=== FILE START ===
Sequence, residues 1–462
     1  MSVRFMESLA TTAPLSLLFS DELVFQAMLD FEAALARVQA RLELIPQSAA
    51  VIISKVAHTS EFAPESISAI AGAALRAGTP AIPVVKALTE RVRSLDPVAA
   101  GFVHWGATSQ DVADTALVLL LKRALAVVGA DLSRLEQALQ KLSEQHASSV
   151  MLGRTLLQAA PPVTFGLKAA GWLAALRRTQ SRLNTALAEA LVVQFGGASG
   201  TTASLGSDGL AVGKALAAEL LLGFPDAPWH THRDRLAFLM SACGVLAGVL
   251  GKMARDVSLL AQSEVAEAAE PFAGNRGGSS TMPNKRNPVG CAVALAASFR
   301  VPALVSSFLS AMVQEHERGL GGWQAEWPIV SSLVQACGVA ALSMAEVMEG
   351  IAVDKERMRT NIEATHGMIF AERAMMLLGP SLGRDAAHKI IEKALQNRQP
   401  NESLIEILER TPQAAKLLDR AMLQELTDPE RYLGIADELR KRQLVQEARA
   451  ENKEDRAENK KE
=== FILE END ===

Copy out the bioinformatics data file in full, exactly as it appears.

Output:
Sequence, residues 1–462
     1  MSVRFMESLA TTAPLSLLFS DELVFQAMLD FEAALARVQA RLELIPQSAA
    51  VIISKVAHTS EFAPESISAI AGAALRAGTP AIPVVKALTE RVRSLDPVAA
   101  GFVHWGATSQ DVADTALVLL LKRALAVVGA DLSRLEQALQ KLSEQHASSV
   151  MLGRTLLQAA PPVTFGLKAA GWLAALRRTQ SRLNTALAEA LVVQFGGASG
   201  TTASLGSDGL AVGKALAAEL LLGFPDAPWH THRDRLAFLM SACGVLAGVL
   251  GKMARDVSLL AQSEVAEAAE PFAGNRGGSS TMPNKRNPVG CAVALAASFR
   301  VPALVSSFLS AMVQEHERGL GGWQAEWPIV SSLVQACGVA ALSMAEVMEG
   351  IAVDKERMRT NIEATHGMIF AERAMMLLGP SLGRDAAHKI IEKALQNRQP
   401  NESLIEILER TPQAAKLLDR AMLQELTDPE RYLGIADELR KRQLVQEARA
   451  ENKEDRAENK KE